With inflation now running at least 3.05% annually in the US, and 1y Treasuries now yielding only 2.14%, real rates are negative 0.91% now. Even after the first 50bp hike by the Fed, real rates will still likely be negative 0.45% or so, guaranteeing foreign investors real purchasing-power losses if they buy dollars. The economic theories on the effects of interest rates on currencies are all based on normal positive real returns, not anomalous central-bank-spawned negative real-rate environments.

And as rates in the States rise, inflation is only expected to grow worse. The Financial Times just reported that a whopping 87% of fund managers surveyed expect higher inflation in the US in the next year. Odds are this higher inflation will effectively offset rising nominal rates, keeping real rates of return in the US negative for some time to come and short-circuiting economic currency models based on positive real rates.

All of this theory is certainly not difficult to understand, but the surging US stock markets and recent dollar strength seem to back the bullish thesis asserting that much higher dollar levels are approaching. If you are immersed in the day-to-day newsflow of the American markets these days, I think you would have to admit that the general sentiment ahead of the coming rate hikes has been remarkably positive.

Provocatively, however, the technical evidence on the dollar charts is not bullish at all but actually is rather bearish right in line with the contrarian theory on relative international returns and negative real rates. Our next two charts highlight this fascinating divergence between the prevailing dollar sentiment and the actual current technical dollar scene. At the moment, at least technically, the contrarian case for dollar weakness is dominating the price charts, both short term and long term.

The first half of this year witnessed a very impressive dollar rally, which was expected in early January as the dollar bounced off key technical lows. From its ultimate trough near 85 in mid-February to its peak near 92 in early May, the US Dollar Index managed to carve a very impressive 8.2% rally over 61 trading days. This is really a major move in the world's reserve currency, which tends to move as slow as molasses.

Like most major rallies, the dollar proved no exception in establishing a well-defined uptrend pipe as 2004 marched on. This is drawn in blue above. The dollar behaved rather nicely from a technical perspective, grinding its way higher while bouncing within its uptrend channel several times from its lower support and upper resistance lines. The dollar bulls indeed had good reason to be excited in recent months, until late May.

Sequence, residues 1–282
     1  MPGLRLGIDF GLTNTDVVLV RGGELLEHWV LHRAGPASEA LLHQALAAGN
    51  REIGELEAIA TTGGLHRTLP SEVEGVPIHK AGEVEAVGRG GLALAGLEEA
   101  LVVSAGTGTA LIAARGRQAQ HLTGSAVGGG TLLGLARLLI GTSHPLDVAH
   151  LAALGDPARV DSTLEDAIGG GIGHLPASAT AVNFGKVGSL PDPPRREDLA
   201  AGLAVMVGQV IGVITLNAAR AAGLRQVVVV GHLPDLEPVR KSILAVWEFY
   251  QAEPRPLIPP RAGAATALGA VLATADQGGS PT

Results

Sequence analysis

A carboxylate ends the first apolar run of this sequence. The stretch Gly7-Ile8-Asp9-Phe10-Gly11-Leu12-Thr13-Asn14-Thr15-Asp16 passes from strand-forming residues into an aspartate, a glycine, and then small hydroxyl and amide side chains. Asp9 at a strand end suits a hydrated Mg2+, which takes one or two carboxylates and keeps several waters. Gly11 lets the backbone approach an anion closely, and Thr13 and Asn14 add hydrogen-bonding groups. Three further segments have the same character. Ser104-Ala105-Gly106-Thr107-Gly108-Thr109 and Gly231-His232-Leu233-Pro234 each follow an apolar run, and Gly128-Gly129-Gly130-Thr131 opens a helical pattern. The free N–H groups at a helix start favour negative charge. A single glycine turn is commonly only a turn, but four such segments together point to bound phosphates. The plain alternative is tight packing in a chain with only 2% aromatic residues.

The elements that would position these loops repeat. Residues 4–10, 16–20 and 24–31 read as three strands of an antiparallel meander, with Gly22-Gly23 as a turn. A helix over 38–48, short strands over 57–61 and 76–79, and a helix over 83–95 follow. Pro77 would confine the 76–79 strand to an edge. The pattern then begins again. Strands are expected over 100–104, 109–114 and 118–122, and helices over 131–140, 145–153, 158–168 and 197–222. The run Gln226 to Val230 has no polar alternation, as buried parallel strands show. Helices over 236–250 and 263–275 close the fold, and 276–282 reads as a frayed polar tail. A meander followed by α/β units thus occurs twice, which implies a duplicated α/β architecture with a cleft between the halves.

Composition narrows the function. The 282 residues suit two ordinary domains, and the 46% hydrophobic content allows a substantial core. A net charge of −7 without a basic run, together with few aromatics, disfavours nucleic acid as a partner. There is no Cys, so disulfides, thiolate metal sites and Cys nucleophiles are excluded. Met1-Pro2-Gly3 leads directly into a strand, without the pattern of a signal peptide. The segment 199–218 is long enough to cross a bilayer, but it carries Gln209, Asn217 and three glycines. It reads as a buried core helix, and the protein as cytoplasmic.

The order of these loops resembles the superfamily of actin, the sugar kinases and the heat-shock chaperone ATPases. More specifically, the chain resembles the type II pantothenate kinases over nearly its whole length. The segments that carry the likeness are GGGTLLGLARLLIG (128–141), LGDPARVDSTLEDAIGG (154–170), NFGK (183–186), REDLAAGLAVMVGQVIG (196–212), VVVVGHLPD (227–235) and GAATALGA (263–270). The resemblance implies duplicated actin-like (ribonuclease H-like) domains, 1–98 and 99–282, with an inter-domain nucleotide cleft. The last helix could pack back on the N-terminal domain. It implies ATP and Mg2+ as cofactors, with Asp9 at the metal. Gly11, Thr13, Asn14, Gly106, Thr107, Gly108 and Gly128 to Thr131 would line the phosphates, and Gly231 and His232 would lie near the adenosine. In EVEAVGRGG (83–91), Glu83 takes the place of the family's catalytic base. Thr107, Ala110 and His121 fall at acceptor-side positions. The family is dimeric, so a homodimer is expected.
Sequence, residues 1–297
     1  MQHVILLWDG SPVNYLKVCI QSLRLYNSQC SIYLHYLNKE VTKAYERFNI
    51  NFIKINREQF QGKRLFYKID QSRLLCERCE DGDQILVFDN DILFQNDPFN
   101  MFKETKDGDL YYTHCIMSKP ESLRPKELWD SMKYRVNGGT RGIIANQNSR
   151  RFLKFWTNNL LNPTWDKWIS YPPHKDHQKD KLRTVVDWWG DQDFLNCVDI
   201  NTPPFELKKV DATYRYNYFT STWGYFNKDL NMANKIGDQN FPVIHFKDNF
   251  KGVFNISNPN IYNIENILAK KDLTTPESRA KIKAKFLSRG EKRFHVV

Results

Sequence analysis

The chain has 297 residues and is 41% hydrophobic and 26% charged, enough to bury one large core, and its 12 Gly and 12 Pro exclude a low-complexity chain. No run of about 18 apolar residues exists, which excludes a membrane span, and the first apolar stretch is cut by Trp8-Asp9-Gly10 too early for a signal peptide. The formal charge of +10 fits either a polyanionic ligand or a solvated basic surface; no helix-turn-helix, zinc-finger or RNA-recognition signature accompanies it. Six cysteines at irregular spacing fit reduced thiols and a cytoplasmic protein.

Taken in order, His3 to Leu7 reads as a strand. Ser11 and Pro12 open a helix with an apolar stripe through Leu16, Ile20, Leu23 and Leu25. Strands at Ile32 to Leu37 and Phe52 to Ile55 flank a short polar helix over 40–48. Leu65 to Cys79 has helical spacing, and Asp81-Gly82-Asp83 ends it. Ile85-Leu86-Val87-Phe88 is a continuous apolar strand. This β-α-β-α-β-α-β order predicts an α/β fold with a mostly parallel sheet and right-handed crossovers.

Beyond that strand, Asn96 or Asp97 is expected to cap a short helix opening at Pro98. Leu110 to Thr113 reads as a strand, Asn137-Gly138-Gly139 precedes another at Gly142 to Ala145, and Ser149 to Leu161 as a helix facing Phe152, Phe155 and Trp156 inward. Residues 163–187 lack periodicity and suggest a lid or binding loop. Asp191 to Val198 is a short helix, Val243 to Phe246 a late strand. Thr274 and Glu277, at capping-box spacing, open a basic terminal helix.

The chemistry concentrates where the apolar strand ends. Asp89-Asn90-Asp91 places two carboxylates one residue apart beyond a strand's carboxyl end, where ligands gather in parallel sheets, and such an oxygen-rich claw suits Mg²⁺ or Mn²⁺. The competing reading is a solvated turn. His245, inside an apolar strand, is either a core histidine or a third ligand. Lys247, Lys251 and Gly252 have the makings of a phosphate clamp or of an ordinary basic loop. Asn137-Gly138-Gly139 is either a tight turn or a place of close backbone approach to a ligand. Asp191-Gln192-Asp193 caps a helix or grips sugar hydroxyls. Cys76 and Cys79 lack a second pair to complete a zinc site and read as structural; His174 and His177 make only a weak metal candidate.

Towards the end of May, the dollar started selling off as it had a couple of times before during its 2004 rally. This time, however, the selling didn't stop at the dollar's lower support line. As you can see above, the venerable US Dollar Index plunged below its short-term uptrend support, a technical breakdown. And even after three valiant attempts to break back above in June, this former support line is now acting as oppressive overhead resistance.

When price trends are changing, it is not uncommon for former support to become new resistance. As more and more traders perceive that an old support line is now becoming resistance, they grow discouraged and selling increases. Since so many countless market players watch the charts, to a very real degree the charts directly influence speculator psychology which drives actual buy and sell decisions. After three successive attempts to break decisively above the old support line were repelled and failed, the dollar's short-term fortunes are looking increasingly cloudy.

Adding even more intrigue, today's stubborn resistance now coincides exactly with the 200-day and 50-day moving averages of the US Dollar Index. These important lines are as widely followed as the linear trend lines and the inability of the dollar to break above these soon will further poison sentiment among short-term currency traders. If speculators don't believe a price can head higher, then it can become a self-fulfilling prophecy as they cease buying and start selling.

At any rate, the short-term dollar chart that was so bullish between January and May has now turned bearish. Former rock-solid support is now acting as resistance and the short-term trend seems to be changing for the worse. This uninspiring technical picture supports the bearish contrarian thesis that rising rates, at least initially, are not going to be anywhere near as bullish for the dollar as Wall Street stock perma-bulls are desperately hoping.

And if the short-term dollar scene is rapidly fading to the dark side as the dollar's 2004 rally fades, the long-term picture is even worse. On a long-term chart the major dollar rally we just witnessed earlier this year looks like nothing more than a garden-variety bear-market rally within the dollar's powerful secular bear market.